Top Tips for Surviving a Road Trip with an Infant

April 15th, 2014 by Guest Blogger No comments »

My little family has been on about two road trips a year along with countless daytrips involving multi-hour drives since my son was born almost two years ago. My husband and I go stir-crazy if we can’t hit the road every few months. So when we became a family of three, we knew that our baby would have to get used to traveling from a young age, and for the most part he’s done brilliantly. In fact, he started sleeping 10-hour stretches at night the week we got back from his second road trip, when he was about eight weeks old! So what are our tips for getting through a road trip with an infant unscathed, relaxed and rested even? Check them out below:

Be Realistic. Traveling with a baby will not be the same as traveling solo or as a couple. Before you even start planning, you should come to terms with that. But, you should try to be as laid-back as possible. A positive outlook can go a long way in the success of your trip.

Start Early. Don’t wait until your child is already deeply entrenched in an at-home routine before you start traveling. Hit the road early on in his life and with frequency. Traveling will become a part of the norm, and not have a significant effect on your baby’s behavior.

Be Consistent. Make sure your child is sleeping and eating at consistent and regular intervals at home 90 percent of the time. Travel can add to the cumulative effect of overstimulation and overtiredness that babies who don’t have a level of predictability at home may be dealing with.

Allow Extra Time. You will have to stop at least every three hours and maybe even more frequently during your drive in order to accommodate diaper changes and feedings. Plus, you want your baby to have a chance to expend some energy having fun so that he’ll be ready for a nice long nap in the car. This means it may take you twice as long to reach your destination than anticipated.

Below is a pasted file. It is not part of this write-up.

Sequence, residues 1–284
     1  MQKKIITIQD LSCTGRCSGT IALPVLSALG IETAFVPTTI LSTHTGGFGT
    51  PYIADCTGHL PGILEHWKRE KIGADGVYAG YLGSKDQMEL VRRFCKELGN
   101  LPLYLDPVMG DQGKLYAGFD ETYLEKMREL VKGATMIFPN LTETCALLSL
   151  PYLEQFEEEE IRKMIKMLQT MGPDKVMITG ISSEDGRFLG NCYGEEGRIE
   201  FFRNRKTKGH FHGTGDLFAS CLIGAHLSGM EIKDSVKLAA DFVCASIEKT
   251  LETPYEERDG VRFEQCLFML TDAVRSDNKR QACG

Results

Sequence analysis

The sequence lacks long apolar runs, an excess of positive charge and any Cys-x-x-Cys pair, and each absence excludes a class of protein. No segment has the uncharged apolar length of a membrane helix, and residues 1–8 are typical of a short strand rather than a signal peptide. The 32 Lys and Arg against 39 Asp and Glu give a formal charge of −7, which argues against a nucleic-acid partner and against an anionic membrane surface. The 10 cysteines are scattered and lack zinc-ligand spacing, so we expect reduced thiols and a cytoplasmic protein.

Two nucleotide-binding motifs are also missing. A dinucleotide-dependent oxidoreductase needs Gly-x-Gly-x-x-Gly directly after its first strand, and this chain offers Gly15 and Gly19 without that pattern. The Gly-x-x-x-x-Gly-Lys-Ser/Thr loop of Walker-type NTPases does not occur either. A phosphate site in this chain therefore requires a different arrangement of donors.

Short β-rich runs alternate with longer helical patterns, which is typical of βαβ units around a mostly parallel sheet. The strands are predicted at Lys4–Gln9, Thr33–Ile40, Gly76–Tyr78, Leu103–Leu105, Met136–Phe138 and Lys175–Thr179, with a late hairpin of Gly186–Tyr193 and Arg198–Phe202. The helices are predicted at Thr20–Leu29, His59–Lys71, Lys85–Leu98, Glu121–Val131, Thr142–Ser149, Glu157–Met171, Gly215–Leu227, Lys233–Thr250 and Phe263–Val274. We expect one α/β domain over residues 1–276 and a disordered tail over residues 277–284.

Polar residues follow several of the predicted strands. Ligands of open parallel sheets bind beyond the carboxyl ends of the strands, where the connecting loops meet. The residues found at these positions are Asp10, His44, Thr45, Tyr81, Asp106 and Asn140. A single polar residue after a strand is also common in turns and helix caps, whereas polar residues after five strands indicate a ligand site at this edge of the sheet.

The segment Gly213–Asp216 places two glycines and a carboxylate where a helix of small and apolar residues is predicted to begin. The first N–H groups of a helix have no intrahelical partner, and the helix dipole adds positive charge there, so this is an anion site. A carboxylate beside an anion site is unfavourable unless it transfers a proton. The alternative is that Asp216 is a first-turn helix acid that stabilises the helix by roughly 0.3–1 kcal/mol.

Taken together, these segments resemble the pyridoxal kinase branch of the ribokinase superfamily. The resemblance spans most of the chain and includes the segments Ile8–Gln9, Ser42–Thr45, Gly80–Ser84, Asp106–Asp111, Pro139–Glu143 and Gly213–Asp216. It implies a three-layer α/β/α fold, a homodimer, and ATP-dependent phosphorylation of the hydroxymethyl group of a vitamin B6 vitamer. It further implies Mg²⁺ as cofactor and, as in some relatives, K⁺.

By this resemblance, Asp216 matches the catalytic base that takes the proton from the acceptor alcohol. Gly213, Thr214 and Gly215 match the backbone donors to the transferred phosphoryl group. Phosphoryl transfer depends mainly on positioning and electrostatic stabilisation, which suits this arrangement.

Be Prepared. If you have a newborn, make sure you have a nursing cover and/or a plentiful supply of formula in the car with you at all times. If your baby has started on solids, you should also have snacks in the car and at the ready. Small toys and books can also be useful if your baby wakes before you reach a good stopping point.

Pack Smart. Keep a bag of essentials and emergency supplies in the passenger seat with you. This will include the aforementioned snacks, milk and toys, but you should also have infant pain reliever, a few burp cloths, diapers, lots of wipes, a favorite blanket and your baby’s lovey. An empty plastic grocery bag is also a good idea in case of blowouts or motion sickness.

Get to a Grocery. Hit up a grocery store along the way to pick up a few necessities to keep in the hotel room for the duration of your trip. It’s always a good idea to offer your baby something to eat while you get ready for the day, but before you head out for breakfast since you will likely be eating later than usual. Plus, you will have to pack less formula or milk if you plan to go to a grocery store.

For more tips, see Traveling with Infants.

–Shayne Rodriguez Thompson

Shayne is an adventurous 20-something mom to a toddler, freelance travel writer and part-time mommy blogger at Mamas Latinas.

Destination Hotels & Resorts Launches Family Escapes

April 14th, 2014 by Lissa No comments »

More and more hotels and resorts are starting to cater to family travelers, and we love that Destination Hotels & Resorts recently launched its new Destination Family Escapes.